By and  on January 5, 2009

The retail graveyard appears to have claimed its first victim of 2009: Goody’s, the moderately priced family apparel retail chain operating primarily in the Southeastern U.S. Sources told WWD on Monday that the company has decided to liquidate.

The Knoxville, Tenn.-based chain emerged from bankruptcy Oct. 20, but in early December was said to have exhausted its cash, credit and restructuring resources.

In the days leading up to Christmas and New Year’s, the company had circulated a plan to try to save the chain, but credit sources said creditors nixed the proposal. One source said the feeling among some creditors was that “Goody’s should never have come out of bankruptcy.”

Sources said vendors were told in a conference call Monday morning that the company decided to liquidate. The sources also said the company was expected to conduct an auction of its inventory as early as Monday afternoon with potential liquidators.

A spokeswoman for Goody’s declined comment.

Founded in 1953, Goody’s was known as Goody’s Family Clothing Inc. The chain targets value-conscious consumers with an average annual household income of $55,000. It became privately held in January 2006, and when it exited bankruptcy proceedings last year began operating as Goody’s LLC.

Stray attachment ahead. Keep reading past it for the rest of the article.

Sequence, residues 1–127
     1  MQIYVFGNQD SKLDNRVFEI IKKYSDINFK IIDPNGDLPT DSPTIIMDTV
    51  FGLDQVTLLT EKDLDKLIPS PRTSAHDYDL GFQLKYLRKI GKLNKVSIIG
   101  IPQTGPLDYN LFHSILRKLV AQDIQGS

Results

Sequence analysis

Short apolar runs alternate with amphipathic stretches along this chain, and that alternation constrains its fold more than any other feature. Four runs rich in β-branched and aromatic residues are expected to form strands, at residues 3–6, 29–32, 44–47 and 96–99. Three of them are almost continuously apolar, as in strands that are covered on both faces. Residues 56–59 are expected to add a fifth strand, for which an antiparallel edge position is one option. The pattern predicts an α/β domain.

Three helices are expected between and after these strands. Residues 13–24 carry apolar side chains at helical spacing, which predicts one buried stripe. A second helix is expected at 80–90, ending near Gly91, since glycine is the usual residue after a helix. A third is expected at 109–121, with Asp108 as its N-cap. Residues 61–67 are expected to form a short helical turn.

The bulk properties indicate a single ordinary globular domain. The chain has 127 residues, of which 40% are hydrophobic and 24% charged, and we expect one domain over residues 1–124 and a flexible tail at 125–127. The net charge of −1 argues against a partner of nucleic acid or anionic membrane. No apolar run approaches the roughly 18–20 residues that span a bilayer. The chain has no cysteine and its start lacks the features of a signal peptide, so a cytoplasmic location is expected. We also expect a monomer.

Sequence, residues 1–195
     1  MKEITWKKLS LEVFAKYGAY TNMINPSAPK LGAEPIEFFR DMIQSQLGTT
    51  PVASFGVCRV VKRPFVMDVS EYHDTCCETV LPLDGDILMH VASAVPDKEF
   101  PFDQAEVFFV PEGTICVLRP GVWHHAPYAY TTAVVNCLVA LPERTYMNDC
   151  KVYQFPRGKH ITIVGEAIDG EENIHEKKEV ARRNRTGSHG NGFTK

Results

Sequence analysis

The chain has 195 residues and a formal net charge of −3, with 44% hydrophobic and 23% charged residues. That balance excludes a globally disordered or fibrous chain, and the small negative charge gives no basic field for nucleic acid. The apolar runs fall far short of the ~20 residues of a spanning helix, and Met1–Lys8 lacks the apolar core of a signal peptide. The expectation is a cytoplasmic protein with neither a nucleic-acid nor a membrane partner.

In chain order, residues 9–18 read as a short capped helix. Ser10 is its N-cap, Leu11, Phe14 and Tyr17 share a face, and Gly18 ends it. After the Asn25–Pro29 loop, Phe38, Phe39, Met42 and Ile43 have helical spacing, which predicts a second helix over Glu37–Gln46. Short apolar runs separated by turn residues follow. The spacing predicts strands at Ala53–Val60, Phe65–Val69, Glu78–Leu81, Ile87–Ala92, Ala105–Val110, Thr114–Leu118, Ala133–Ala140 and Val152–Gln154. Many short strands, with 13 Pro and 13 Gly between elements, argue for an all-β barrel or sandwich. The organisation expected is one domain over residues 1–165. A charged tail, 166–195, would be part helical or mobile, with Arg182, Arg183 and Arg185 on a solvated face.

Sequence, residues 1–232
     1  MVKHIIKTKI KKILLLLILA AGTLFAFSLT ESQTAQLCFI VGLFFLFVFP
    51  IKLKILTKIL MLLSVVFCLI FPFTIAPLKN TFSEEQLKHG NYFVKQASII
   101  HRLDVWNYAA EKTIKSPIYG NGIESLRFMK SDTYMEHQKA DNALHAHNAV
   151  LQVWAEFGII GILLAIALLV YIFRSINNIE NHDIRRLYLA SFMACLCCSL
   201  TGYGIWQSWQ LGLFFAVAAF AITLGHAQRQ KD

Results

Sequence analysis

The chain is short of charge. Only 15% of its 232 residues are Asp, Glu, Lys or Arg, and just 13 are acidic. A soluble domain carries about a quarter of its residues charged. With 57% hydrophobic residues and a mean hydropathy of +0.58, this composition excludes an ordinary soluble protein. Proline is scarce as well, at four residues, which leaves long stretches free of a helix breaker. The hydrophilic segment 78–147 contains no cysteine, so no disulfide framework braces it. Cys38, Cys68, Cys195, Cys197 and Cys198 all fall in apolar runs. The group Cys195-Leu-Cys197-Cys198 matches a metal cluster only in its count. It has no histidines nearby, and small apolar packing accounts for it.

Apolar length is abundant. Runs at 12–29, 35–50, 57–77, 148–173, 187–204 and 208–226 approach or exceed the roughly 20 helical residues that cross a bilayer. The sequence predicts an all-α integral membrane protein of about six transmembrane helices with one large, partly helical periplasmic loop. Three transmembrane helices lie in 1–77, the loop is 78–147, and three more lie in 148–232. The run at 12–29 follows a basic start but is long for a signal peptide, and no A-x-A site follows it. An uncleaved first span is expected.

Goody’s key national brands include Adidas, Levi’s, Dockers, Chaps, Reebok, Lee and Alfred Dunner. The chain’s private label brands include Ivy Crew, Mountain Lake, Duck Head Jeans Co., and Kid Crew. The company also offers exclusive fashion brands such as Ashley Judd.

Also losing out from the anticipated closure of Goody’s is the local community outreach programs. Goody’s provided $500,000 annually to schools through its Good Deeds for Schools grant program. Proceeds from the Ashley Judd apparel line also help benefit the grant program. Its stores and corporate office together raise more than $1 million for Children’s Miracle Network and affiliate hospitals each year, according to Goody’s.

“Unfortunately, Goody’s was highly leveraged and lost its merchandising focus. The customers didn’t understand it anymore,” said Walter Loeb, a retail consultant.

When the chain emerged from bankruptcy, it closed on a $175 million revolving exit credit facility provided by GE Corporate Lending and Bank of America. The company also secured $10 million and $35 million exit term loans from GB Merchant Partners LLC and PGDYS Lending LLC, respectively. PGDYS Lending, which owns Goody’s, is managed by private equity firm Prentice Capital Management LP.